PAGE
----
Fri, Jul 25, 2003 - Page 8 News List

Editorial: Another stab at political reform

On Wednesday, the Executive Yuan passed the milestone lobbying bill (遊說法) and reiterated its determination to push for passage of five "Sunshine" bills, including the lobbying bill, during the next legislative session. The move prompts new hopes that the deep-rooted "black gold" culture may be curtailed.

Connections and gifts remain fundamental to people's lives here. While in a social context, such things may at the most create confusion and making things difficult for those who are not accustomed to them, the same may not be said about them in the political context, where such things are little more than bribes and undue influences on the policymaking and legislative process.

On the other hand, political participation is also fundamental to any given democracy. Seeking to get one's view across to the government and to influence officials' decisions is what democracy is all about. Lobbying is the norm in almost any Western democracy. It does not have the kind of negative connotations that is generally generated here as a result of rampant black-gold practices.

The ability to lobby for one's cause is critical. It is true that conglomerates and powerful business interests can, as a result of intensive lobbying activities, enjoy a strong say so in policies and the law. A case in point is the extension of the length of copyrights under US law. The extension was the result of intensive lobbying by major copyright holders, including Disney. However, the upside is that members of minorities or socially disadvantaged groups, whose voices would often be too insignificant to carry any weight individually, can join forces and resources to pursue their causes and interests through government lobbying.

Of course, to prevent abuse and corrupt practices, lobbying activities should be carefully regulated, monitored and made transparent. Taiwan is getting a late start in this respect. For example, in the US, lobbying activities are regulated both at the federal level under the Lobbying Disclosure Act, as well at the state and even the municipal levels.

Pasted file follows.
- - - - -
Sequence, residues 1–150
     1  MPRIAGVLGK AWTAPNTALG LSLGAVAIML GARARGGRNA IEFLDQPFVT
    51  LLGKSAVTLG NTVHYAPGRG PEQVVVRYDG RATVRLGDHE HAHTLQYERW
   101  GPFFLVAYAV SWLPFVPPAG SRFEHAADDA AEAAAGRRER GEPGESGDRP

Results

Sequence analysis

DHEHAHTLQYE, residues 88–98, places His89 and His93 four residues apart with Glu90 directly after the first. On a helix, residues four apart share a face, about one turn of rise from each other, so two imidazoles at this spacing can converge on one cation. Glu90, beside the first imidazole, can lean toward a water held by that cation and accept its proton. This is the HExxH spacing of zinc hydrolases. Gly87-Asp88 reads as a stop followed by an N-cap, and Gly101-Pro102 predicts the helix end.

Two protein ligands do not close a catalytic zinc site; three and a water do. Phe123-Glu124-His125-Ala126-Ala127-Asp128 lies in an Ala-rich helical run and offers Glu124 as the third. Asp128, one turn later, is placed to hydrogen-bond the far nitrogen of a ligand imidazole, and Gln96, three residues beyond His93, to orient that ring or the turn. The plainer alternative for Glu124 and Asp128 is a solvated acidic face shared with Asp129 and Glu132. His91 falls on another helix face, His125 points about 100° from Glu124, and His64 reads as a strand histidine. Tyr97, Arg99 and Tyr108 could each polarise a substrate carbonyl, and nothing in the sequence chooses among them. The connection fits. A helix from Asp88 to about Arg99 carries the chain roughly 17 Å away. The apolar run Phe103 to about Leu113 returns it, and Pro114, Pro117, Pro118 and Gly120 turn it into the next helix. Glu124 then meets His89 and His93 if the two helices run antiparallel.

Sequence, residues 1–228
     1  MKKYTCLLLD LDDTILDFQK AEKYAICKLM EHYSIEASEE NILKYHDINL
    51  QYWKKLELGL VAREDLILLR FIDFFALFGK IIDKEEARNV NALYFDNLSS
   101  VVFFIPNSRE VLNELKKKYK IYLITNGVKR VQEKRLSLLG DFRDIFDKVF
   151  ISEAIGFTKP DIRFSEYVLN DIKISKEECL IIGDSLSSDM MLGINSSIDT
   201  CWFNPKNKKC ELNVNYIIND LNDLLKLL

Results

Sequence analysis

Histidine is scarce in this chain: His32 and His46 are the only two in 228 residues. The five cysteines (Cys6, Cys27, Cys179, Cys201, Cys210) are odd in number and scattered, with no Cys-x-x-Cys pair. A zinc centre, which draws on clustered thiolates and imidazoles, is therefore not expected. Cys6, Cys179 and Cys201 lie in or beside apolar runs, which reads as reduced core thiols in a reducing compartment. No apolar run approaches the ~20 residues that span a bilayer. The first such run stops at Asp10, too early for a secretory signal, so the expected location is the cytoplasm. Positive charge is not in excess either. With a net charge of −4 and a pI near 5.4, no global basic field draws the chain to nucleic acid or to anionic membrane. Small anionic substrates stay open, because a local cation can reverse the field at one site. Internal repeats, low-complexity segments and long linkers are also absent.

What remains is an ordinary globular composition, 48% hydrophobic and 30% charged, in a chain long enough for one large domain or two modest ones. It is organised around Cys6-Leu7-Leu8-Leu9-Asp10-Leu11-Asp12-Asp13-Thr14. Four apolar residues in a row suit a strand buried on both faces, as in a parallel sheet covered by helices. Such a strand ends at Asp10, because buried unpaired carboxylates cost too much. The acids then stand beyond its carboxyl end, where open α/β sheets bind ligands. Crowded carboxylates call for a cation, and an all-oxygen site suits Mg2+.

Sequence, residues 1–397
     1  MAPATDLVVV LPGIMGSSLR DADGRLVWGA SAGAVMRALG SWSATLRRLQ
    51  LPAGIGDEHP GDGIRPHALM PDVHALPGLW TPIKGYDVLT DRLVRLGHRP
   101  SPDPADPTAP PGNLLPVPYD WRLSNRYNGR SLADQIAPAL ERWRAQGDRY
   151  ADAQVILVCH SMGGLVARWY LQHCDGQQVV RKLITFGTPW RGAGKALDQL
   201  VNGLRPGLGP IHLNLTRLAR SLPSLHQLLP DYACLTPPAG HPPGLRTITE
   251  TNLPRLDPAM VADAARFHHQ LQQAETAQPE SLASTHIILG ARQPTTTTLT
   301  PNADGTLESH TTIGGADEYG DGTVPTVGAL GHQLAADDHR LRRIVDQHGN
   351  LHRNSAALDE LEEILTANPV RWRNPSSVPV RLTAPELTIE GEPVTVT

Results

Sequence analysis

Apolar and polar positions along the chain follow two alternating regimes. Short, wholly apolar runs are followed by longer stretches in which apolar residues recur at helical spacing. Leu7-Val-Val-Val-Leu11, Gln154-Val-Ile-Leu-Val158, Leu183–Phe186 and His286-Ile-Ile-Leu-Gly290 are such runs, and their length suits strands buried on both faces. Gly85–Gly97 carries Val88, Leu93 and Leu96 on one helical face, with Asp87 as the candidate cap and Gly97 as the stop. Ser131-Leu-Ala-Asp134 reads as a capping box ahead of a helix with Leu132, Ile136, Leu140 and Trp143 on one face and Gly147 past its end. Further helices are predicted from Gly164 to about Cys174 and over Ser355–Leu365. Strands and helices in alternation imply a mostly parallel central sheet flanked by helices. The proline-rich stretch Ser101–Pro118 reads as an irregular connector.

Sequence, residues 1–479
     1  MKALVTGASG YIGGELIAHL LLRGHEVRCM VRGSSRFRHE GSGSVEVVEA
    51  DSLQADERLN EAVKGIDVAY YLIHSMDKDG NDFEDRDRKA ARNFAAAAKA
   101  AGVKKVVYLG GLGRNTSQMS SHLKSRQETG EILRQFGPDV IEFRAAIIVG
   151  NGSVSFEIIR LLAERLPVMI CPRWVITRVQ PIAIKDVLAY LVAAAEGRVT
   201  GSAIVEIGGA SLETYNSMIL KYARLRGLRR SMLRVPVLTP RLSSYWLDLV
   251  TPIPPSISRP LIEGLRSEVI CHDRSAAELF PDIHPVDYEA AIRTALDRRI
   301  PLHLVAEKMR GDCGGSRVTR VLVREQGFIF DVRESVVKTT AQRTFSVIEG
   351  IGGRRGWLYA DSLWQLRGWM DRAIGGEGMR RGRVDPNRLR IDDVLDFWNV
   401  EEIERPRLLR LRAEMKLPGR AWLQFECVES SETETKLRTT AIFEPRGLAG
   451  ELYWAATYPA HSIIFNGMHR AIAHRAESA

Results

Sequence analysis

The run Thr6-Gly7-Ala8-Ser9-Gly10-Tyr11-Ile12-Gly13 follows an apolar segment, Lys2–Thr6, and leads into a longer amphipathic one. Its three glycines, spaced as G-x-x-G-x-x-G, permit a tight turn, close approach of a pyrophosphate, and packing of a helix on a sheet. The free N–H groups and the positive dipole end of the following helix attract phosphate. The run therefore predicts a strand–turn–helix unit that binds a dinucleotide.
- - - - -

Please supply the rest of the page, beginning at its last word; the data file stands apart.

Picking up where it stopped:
The lobbying bill specially prohibits individuals, groups, or organizations from China, Hong Kong or Macau from engaging in lobbying here or hiring others to do it. The bill would bar lobbying activities on national defense issues and matters concerning the cross-strait relationship.

Of course, this would not stop individuals or groups that are pro-China from seeking to influence government policies in a way that would be to the interests of Beijing. However, so long as such activities are open and transparent, they will be subject to public scrutiny. This will exert pressure on government officials and lawmakers to keep their priorities straight and not overstep their bounds.

Another potential problem should not be ignored either. Taiwanese simply have a tendency to either ignore or circumvent anti-corruption practices. For example, it is no secret while the law sets a cap on each candidate's campaign fund, very few politicians care enough to comply with it. So, effective enforcement of the bill -- if it is enacted -- will be key to its success.

The government's campaign to enact the remaining five sunshine bills is obviously part of its strategy to create a "reform image" for itself ahead of next year's presidential election. For this reason and also due to the fact that these sunshine bills, especially the ones dealing with ill-gotten assets and properties of political parties and political donations, hit the KMT where it hurts (its wallet), it is doubtful that the bills will be enacted without a lot of resistance.

This story has been viewed 2364 times.
TOP top